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I hear a lot about hair removal (anything and everything) and its possible benefits, particularly in terms of sweating and odor control. However, I also hear people suggesting that hair removal (particularly in the pubis region) might increase the risk of skin infection.

I have the impression that these claims were often mainly driven by people's aesthetic view regarding body hair and nobody could show me scientific evidence for their claims.

Is there any scientific evidence suggesting benefits and risks of hair removal procedure?

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    I have no evidence so I won't answer this but, I know that pimples/spots can come from shaving which could get infected in the pubis region as there is more seat and clothes contact in that area. – John Aug 9 '16 at 12:03
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    Repeated shaving increases the risk of ingrown hair and bacterial infection (staphylococcal folliculitis). – Jan Dec 29 '17 at 8:51
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Adverse Effects: A study [See Reference] analyzed the literature and did interviews with medical staff and found that the most common risk for laser hair removal is burns and changes in pigmentation. Lesser common complications include increased sweating, rash, post-op pain.

Benefits: From what I've read [See Reference], the main benefit is cosmetic satisfaction. Although the paper does mention the therapeutic effects against hirsutism/hypertrichosis (excessive hair growth).


To address some of the other points you were mentioning:

  1. Removing hair does assist in odor control since hair is porous (readily absorbs odors). So less hair = less odor.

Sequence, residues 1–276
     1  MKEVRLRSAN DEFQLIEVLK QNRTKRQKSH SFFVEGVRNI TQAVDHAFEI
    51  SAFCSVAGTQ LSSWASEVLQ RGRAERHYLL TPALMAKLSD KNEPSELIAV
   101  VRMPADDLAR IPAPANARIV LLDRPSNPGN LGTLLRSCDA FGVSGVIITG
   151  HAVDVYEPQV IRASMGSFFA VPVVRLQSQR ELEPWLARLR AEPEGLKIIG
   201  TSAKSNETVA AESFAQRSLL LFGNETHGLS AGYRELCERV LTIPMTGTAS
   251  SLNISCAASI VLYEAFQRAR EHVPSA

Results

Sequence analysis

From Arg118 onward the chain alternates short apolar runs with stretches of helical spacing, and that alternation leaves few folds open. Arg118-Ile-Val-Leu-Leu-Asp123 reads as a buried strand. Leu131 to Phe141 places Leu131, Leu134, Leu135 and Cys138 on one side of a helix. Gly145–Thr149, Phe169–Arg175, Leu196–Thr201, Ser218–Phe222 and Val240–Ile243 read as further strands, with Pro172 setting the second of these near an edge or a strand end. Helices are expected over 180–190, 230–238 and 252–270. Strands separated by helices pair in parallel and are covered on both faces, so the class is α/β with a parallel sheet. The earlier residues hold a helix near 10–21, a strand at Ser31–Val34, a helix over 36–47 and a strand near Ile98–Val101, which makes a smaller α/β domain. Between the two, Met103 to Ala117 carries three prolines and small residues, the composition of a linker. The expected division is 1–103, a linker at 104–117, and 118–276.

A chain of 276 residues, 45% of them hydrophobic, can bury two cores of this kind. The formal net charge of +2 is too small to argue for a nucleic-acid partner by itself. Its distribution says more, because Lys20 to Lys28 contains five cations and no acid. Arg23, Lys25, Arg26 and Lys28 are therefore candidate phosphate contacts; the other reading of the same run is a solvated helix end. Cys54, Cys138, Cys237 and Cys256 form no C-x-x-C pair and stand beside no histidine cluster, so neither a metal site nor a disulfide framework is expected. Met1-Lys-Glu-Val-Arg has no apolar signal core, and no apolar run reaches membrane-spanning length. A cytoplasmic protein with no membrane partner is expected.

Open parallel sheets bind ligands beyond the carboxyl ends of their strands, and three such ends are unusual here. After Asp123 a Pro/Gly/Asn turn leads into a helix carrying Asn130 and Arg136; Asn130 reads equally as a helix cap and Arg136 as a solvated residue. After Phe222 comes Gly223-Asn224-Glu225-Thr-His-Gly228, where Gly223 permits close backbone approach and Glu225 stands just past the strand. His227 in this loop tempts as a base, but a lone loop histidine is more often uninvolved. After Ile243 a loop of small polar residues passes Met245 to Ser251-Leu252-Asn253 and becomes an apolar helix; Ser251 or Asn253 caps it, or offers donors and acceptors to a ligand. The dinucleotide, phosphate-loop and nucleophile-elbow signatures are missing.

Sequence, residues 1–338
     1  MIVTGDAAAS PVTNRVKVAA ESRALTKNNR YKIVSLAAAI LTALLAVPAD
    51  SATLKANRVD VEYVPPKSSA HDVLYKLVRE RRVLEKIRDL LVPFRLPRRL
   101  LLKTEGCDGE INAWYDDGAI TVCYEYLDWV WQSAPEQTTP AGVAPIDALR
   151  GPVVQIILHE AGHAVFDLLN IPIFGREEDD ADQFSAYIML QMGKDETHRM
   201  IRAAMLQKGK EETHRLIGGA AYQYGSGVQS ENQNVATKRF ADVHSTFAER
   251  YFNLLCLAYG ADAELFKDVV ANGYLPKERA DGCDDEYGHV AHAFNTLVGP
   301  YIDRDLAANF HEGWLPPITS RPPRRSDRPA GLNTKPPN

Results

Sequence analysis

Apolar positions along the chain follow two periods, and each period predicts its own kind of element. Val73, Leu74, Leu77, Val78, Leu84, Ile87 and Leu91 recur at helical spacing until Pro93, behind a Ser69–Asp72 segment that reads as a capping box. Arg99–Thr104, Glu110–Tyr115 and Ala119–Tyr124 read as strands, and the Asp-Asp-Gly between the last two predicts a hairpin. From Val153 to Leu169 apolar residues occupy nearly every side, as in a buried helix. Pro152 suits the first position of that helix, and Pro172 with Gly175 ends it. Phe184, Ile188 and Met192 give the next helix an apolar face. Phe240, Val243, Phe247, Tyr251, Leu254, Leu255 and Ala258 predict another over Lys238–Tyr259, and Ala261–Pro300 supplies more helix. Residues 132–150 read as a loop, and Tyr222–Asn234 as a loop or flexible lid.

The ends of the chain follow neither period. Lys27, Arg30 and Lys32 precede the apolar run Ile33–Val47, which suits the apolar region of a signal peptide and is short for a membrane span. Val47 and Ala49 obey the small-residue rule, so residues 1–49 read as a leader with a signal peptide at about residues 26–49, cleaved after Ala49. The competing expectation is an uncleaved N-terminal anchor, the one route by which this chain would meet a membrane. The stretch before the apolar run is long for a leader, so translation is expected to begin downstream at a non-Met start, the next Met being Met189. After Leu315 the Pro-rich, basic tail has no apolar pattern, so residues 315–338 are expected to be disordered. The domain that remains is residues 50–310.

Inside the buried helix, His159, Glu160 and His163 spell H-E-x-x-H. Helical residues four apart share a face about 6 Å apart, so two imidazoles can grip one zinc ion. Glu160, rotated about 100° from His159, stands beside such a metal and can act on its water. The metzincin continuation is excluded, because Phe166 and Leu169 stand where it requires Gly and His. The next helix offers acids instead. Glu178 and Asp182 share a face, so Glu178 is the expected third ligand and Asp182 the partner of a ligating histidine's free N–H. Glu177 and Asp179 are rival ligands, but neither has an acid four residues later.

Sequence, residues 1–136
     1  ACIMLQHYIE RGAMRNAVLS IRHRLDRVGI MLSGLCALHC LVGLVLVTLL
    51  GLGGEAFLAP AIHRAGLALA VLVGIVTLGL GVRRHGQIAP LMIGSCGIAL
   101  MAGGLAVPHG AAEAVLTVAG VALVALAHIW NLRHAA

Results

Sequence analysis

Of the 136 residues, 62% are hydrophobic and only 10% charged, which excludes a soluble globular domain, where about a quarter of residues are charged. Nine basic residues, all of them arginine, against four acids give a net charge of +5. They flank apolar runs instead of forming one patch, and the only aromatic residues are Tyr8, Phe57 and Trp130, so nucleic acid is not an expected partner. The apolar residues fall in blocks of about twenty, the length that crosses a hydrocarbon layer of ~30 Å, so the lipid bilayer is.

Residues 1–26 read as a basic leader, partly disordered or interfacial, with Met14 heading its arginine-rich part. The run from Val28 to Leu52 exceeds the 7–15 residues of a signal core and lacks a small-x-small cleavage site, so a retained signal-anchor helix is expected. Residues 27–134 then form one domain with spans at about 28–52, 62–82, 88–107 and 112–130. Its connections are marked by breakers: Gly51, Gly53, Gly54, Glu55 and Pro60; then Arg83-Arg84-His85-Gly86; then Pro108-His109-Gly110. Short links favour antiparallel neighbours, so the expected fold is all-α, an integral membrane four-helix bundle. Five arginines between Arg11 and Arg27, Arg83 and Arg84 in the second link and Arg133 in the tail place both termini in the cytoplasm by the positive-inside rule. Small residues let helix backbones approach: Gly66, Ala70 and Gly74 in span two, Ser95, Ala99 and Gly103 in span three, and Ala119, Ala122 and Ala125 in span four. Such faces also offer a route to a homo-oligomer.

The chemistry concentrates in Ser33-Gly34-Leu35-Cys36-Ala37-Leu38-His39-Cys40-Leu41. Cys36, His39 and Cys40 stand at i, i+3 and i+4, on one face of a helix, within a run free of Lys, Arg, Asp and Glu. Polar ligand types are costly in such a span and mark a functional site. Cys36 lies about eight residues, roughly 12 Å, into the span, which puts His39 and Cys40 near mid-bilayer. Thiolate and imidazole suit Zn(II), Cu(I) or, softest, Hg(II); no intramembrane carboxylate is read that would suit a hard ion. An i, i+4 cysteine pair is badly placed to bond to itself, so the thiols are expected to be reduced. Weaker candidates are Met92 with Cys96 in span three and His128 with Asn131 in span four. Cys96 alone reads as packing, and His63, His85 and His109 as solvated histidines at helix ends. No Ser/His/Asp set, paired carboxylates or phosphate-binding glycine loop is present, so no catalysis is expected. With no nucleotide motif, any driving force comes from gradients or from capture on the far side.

2. Removing hair does not reduce sweating "because the practice doesn't affect the glands that produce perspiration." Mayo Clinic explains "These glands will continue to produce perspiration even when the hair is shaved down to skin level."

  3. For pubic hair removal, a study [See References] was done using a self-administered questionnaire (sample size 369 women) and the researchers found that "The majority (60%) had experienced at least 1 health complication because of the removal, of which the most common were epidermal abrasion and ingrown hairs." Your mention of infection is certainly accounted for in the paper: "This practice [pubic hair removal] may result in adverse health consequences, including genital burns from waxing, severe skin irritation leading to post inflammatory hyperpigmentation, vulvar and vaginal irritation and infection, and the spread or transmission of sexually transmitted infections (STI)." From what I've seen, the research on adverse effects of pubic hair removal for men is less studied, but I did find a paper [See Reference] that mentions a positive correlation with STI's, but this conclusion is assuming that men are cutting themselves while shaving.


References:

Evidence-based review of hair removal using lasers and light sources: https://pdfs.semanticscholar.org/22e9/49a68c2731590e3e92afffa40e756e0bafee.pdf

Adverse Effects of Laser Hair Removal: https://pdfs.semanticscholar.org/3bea/730adb6241154ec8dd08b901c18e61ecb90e.pdf

Sweating and Body Odor: https://health.howstuffworks.com/skin-care/underarm-care/tips/does-shaving-armpits-reduce-sweating.htm

Pubic Hair Removal Complications in Women Study: https://www.ncbi.nlm.nih.gov/pubmed/24486227

Pubic Hair Removal in Males, Trends: https://www.ncbi.nlm.nih.gov/pmc/articles/PMC5675231/


Cheers.

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Most of the questions — especially about the benefits — are answered exhaustively on the Wikipedia page. For medical reasons, in particular, the article states that

In extreme situations people may need to remove all body hair to prevent or combat infestation by lice, fleas and other parasites.

That said, the main purpose of hair removal is definitely aesthetic.

Interesting, cultural pubic hair removal has had an unexpected positive side-effect: it has probably contributed substantially to the near-eradication of the pubic lice (“crabs”), as reported.

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